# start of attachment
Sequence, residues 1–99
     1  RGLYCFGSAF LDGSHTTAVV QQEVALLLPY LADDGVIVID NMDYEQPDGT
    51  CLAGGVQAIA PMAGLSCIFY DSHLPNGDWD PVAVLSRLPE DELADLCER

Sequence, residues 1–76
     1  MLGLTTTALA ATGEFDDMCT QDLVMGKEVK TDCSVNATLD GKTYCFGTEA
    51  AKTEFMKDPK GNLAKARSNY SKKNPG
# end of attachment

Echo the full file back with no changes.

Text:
Sequence, residues 1–99
     1  RGLYCFGSAF LDGSHTTAVV QQEVALLLPY LADDGVIVID NMDYEQPDGT
    51  CLAGGVQAIA PMAGLSCIFY DSHLPNGDWD PVAVLSRLPE DELADLCER

Sequence, residues 1–76
     1  MLGLTTTALA ATGEFDDMCT QDLVMGKEVK TDCSVNATLD GKTYCFGTEA
    51  AKTEFMKDPK GNLAKARSNY SKKNPG